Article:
The book attacks the ugly absurdity of the American Dream, whilst also showing the degeneration of 1960s countercultural idealism. ‘A vile epitaph’ he called it. The horror of consumerist reality is made properly apparent through its hallucinogenic exaggeration, greasy diners that make ‘your brain start humming with brutal vibes as you approach the front door.’ The books aggressive mania reveals the dark side of the romanticised vision of ‘drop acid not bombs’ youth culture. A vicious drunkard screams ‘Woodstock Uber Alles!’ on the floor of a bizarre circus casino, where county-fair carnival madness goes on just above the heads of the haggard gamblers, who do not seem to notice or care. Placing Nazi slogans alongside the foremost event of the 1960s countercultural movement goes epitomises Thompson’s brutal bastardisation of these ideals. But the work itself is more than just a social comment. It is also a statement on the nature of journalism.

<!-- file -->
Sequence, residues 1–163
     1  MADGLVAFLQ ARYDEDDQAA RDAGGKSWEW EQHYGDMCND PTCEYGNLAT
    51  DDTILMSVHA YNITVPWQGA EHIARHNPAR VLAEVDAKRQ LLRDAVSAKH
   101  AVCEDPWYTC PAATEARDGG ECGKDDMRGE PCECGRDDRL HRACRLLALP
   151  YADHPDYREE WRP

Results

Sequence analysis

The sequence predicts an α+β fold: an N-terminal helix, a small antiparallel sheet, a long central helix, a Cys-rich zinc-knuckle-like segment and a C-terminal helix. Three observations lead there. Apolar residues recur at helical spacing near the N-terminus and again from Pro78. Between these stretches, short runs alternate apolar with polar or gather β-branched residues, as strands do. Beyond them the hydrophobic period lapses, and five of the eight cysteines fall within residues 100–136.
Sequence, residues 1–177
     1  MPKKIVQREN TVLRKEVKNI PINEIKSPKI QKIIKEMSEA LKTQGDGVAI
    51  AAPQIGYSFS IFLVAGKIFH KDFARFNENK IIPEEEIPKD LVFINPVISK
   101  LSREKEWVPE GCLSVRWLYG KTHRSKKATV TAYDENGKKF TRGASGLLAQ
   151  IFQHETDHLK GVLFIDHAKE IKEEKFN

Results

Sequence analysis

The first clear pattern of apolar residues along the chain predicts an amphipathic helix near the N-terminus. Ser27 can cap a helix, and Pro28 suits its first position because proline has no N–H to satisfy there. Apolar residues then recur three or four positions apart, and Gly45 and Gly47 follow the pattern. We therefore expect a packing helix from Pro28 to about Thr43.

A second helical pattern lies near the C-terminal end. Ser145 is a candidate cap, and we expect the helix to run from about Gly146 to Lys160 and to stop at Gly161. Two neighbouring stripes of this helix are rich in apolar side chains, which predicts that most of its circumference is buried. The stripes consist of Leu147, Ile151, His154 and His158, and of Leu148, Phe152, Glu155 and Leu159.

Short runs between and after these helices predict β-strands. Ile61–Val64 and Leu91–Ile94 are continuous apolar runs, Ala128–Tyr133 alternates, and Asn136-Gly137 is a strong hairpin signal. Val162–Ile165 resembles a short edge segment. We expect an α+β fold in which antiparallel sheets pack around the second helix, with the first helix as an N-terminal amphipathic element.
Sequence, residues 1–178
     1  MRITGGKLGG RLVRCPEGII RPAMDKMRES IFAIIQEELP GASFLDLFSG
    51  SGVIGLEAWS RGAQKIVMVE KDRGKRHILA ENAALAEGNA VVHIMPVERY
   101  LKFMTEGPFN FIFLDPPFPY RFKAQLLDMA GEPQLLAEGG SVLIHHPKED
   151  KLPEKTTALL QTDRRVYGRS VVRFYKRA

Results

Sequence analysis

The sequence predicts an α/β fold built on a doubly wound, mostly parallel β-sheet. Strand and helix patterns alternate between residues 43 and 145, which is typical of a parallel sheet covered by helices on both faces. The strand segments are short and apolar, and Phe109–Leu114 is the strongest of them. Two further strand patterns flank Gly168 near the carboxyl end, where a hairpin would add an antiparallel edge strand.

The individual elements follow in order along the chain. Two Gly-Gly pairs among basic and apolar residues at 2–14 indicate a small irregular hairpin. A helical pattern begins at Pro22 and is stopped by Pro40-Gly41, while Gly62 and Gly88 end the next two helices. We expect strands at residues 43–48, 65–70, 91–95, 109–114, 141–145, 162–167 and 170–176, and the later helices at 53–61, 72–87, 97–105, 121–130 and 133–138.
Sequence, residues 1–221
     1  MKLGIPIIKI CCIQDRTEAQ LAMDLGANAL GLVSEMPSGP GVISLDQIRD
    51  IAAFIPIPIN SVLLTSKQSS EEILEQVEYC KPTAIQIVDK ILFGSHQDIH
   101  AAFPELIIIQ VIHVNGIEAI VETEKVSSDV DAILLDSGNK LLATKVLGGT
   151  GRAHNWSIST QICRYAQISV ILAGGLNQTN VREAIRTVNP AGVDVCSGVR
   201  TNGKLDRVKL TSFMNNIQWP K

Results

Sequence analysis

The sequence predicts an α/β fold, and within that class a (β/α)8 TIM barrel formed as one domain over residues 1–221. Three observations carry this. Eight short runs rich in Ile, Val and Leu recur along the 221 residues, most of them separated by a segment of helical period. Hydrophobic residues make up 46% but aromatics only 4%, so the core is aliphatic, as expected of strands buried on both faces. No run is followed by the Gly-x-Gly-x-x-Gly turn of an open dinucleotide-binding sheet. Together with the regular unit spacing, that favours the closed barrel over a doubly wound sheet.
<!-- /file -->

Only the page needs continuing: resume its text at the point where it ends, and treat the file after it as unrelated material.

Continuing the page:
Although he was primarily a journalist Thompson produced this piece of partly fictionalised first person narrative and with it the foremost work of what would become known as ‘gonzo’ journalism. The way he writes has traces of journalistic style to it. It is often lumped in the same camp as Kerouac’s stream of consciousness prose but in fact is far more direct than this. He doesn’t mess around with metaphor or spirituality, but states his madness as it is, ‘after a while you learn to cope with things like seeing your dead grand-mother crawling up your leg with a knife in her teeth.’ Fear and Loathing did begin as a piece of journalism, paid $ 250 to cover Nevada’s Mint 400 by Sports Illustrated Thompson had headed with his drug fiend lawyer to Las Vegas. However, the 15,000 word piece he submitted, ten times the size of the originally commission, was firmly rejected. It wasn’t at home in the pages of a conventional magazine like Sports Illustrated, but it was eventually published by Rolling Stone and later as the book.Thompson is firmly enmeshed in the events that are unfolding, an involved chronicler of partly fictionalised experience. In producing a work like this while remaining nominally a journalist Thompson was damningly indicting what he called the ‘bogus objectivity’ of conventional journalism. Ralph Steadman’s distinctive cartoons accompany the book rather than photos of the lit up streets of Las Vegas. Rather than write an essay or an article on the death of the American dream or the 1960s counterculture movement Thompson wanted to show it dying violently in a chaotic whirlwind of personal prose. The confines of conventional journalism wouldn’t accommodate the force of his angry message. The utter commitment to ugly depravity on every page may seem to some like a throwaway paper obscenity, with no purpose other than to provoke. But, the way he goes about expressing his subject matter is a hysterical laugh in the face of the suggestion that journalism can ever be objective, a laughter that seems very relevant in the face of modern media pretence at neutrality. No doubt Thompson would be appalled at the quiet timidity of much modern reportage. Ugly degeneration is just a part of the picture as it ever was. Maybe journalism needs more disrespectable reprobates. Only his depraved experiences and imaginations could properly capture the essence of his epigraph, that ‘he who makes a beast of himself gets rid of the pain of being a man.’